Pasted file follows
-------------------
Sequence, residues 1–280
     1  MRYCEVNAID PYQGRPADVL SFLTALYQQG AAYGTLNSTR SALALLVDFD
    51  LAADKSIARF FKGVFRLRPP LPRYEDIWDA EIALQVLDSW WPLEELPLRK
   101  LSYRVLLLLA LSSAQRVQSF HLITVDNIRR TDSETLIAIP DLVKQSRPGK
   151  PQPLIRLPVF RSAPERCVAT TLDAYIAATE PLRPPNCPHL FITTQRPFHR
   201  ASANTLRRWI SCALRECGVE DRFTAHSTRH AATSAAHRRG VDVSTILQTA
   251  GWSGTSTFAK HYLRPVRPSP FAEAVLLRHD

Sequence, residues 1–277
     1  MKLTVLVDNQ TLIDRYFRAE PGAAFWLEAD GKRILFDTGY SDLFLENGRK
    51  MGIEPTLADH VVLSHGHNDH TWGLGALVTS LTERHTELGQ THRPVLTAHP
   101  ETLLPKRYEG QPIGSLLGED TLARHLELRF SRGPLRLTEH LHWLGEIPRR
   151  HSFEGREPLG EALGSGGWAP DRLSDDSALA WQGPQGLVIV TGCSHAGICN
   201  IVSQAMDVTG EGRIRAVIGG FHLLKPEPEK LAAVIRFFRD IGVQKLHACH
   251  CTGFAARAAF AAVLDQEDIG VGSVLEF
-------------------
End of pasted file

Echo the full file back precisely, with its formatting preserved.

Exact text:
Sequence, residues 1–280
     1  MRYCEVNAID PYQGRPADVL SFLTALYQQG AAYGTLNSTR SALALLVDFD
    51  LAADKSIARF FKGVFRLRPP LPRYEDIWDA EIALQVLDSW WPLEELPLRK
   101  LSYRVLLLLA LSSAQRVQSF HLITVDNIRR TDSETLIAIP DLVKQSRPGK
   151  PQPLIRLPVF RSAPERCVAT TLDAYIAATE PLRPPNCPHL FITTQRPFHR
   201  ASANTLRRWI SCALRECGVE DRFTAHSTRH AATSAAHRRG VDVSTILQTA
   251  GWSGTSTFAK HYLRPVRPSP FAEAVLLRHD

Sequence, residues 1–277
     1  MKLTVLVDNQ TLIDRYFRAE PGAAFWLEAD GKRILFDTGY SDLFLENGRK
    51  MGIEPTLADH VVLSHGHNDH TWGLGALVTS LTERHTELGQ THRPVLTAHP
   101  ETLLPKRYEG QPIGSLLGED TLARHLELRF SRGPLRLTEH LHWLGEIPRR
   151  HSFEGREPLG EALGSGGWAP DRLSDDSALA WQGPQGLVIV TGCSHAGICN
   201  IVSQAMDVTG EGRIRAVIGG FHLLKPEPEK LAAVIRFFRD IGVQKLHACH
   251  CTGFAARAAF AAVLDQEDIG VGSVLEF